The Liquid Facelift: What You Need to Know

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Dermatologist Dr. Jo Herzog shares information about the liquid facelift and what you need to know if considering this for yourself.

Today’s post is chock full of helpful information for anyone considering a liquid facelift. Dr. Herzog addresses this topic in response to the following question submitted by a Family Savvy reader:

QUESTION: Dr. Jo, my spa is offering a “liquid facelift” special consisting of a vial of voluma for $800. Is this a good deal, and will one vial of voluma be enough to lift my almost 50-year-old face? Thanks so much! Love reading your posts! Curious in Tennessee

Dr. Jo Herzog

Dear Curious,

The first thing that I should do is explain what most people mean when they say a liquid faceliftthe liquid facelift: what you need to knowWhen this term is used, most dermatologists and plastic surgeons are referring to procedures that would FILL instead of PULL by nip and tuck.

The traditional facelift tightens the skin and gets rid of wrinkles by pulling the skin tighter on a frame that has shrunk with age (requiring removal of excess skin). This is a surgical procedure.

The liquid facelift fills back volume that has been lost by injecting multiple fillers that can be used to reverse the aged look. Fillers vary in thickness from that of water to that of toothpaste~ thus the term “liquid face lift.” This is a non-surgical procedure.

Why  is either facelift necessary? As we age, we lose volume in both bone and fat. With decreased volume, our faces look hollow and begin to hang, leading to several problems. There are hollows in the temple (causing the peanut head) and in the mid-cheek. Loss of mid facial volume causes deep “parentheses” and even contributes to hanging jowls. The ideal face that is heart shaped begins to look like an upside down heart. The mid-face/cheeks are no longer the widest part of the face.

Unless there is a large amount of wrinkling and redundant skin, the ideal way to restore the face to its younger shape and volume is the liquid face lift. But before signing up for the procedure, you should take time to educate yourself on the process.

The following considerations are very important for anyone contemplating a liquid facelift:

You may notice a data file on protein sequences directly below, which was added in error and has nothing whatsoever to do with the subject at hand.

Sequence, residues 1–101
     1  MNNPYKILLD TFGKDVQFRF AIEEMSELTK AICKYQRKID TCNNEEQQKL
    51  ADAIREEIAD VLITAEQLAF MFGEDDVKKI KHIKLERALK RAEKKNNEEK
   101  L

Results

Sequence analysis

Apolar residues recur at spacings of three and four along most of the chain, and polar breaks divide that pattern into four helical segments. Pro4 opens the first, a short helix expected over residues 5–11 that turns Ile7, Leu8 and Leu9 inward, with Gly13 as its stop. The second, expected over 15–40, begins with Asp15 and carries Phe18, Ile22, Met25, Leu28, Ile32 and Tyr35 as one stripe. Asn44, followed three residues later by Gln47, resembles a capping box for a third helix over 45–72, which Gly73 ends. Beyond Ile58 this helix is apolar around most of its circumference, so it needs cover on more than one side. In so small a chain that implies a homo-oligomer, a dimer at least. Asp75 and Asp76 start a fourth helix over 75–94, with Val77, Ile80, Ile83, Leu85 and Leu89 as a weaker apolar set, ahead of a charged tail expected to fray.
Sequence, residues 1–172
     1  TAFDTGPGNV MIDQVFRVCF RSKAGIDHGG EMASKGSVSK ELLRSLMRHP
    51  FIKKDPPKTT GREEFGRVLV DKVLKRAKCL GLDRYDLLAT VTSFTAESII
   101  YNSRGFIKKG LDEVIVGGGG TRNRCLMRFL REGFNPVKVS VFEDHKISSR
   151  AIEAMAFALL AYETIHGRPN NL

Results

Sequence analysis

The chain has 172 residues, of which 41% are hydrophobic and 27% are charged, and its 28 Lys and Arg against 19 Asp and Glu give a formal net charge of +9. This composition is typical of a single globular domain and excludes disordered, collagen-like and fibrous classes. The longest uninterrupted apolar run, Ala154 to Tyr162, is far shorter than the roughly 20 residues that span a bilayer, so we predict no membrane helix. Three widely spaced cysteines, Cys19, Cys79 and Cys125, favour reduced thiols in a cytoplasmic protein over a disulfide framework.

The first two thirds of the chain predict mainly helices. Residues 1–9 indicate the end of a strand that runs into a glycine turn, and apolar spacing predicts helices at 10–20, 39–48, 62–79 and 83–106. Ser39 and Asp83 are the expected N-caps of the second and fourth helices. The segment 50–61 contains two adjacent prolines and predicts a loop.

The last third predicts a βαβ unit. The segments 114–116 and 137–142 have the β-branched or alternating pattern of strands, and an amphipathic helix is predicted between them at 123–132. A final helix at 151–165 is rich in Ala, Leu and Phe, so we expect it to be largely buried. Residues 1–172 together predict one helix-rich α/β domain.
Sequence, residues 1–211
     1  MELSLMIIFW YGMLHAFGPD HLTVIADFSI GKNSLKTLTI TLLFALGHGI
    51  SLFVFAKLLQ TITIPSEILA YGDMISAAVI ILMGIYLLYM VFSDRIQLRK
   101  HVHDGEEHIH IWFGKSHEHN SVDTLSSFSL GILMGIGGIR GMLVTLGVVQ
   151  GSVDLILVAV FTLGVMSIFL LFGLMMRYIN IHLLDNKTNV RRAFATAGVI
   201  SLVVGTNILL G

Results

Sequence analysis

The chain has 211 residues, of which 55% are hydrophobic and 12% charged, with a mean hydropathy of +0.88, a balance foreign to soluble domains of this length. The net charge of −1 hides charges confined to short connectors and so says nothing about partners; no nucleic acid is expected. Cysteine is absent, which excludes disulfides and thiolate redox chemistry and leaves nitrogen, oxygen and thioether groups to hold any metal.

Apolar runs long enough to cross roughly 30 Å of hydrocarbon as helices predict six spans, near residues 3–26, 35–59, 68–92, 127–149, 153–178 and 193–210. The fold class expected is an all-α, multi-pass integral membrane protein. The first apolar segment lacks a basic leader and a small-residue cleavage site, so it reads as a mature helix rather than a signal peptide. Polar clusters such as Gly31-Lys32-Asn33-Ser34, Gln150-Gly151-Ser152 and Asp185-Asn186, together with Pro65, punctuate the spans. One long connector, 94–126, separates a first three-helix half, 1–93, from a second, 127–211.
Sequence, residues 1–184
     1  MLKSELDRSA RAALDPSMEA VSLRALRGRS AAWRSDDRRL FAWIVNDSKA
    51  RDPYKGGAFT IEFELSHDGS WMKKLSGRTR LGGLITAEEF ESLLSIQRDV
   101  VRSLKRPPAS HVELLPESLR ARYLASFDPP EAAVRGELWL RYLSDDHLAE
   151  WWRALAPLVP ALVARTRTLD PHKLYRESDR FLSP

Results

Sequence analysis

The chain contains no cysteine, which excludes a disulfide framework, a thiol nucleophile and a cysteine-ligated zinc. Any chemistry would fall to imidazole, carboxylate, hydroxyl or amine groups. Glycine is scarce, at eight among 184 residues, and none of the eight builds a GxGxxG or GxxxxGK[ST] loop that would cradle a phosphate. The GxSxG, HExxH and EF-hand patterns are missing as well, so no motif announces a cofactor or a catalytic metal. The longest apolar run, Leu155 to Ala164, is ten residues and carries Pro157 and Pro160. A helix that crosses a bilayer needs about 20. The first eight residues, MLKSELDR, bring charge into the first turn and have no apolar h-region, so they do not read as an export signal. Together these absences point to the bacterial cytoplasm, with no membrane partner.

• Choosing a filler. This is fairly easy if you are working with a doctor who has experience and what I call “a full tool box.” A doctor who has only one product will offer you only one option, so you want to look for a doctor who offers several fillers from which you can choose. Doctors who have the larger tool boxes tend to be the more experienced injectors. They are also more likely to be able to advise you as to why one filler would be better for you than the other. Fillers vary in their properties, and you want to take advantage of the qualities that will best suit your needs.
  • Determining how much filler you will need. This is the question that tells you whether a deal is a deal. In answer to your specific question~No, one syringe of voluma is NOT enough to give you a “liquid face lift.”  In the clinical trials for this product, the injecting physician was allowed to use up to 12cc (12x $800). You can get some nice volume in the cheeks with two syringes, but it will take more volume to do more.

Voluma is a nice soft filler with good lifting power. In the clinical trials, the company states that voluma can last up to two years.  One syringe of Voluma costs between $800 and $1,000 in the Birmingham area. This is for 1cc of filler (a teaspoon is almost 5cc).

If you are looking for lasting volume, other fillers, like Sculptra, can give you longer lasting volume with a smaller final price tag. The advertisement for the lift at $800 was advertising $800 a syringe, not an $800 price tag. You need to ask HOW MUCH WILL I NEED? This determines if the “deal” is really a deal for you.

For my patients, I often combine fillers to achieve what I consider to be an optimal outcome. I might use Sculptra for generalized volume and then use Voluma, Perlane or Radiesse for specific areas. These are the options that you want to talk about when you see your doctor. What do they recommend? How much will I need? What might it cost? How long should it last? Where will you put which filler?

Hope that answered your question. Before getting your liquid lift, ask questions.
Be well, and look as good as you feel.

Dr. Jo

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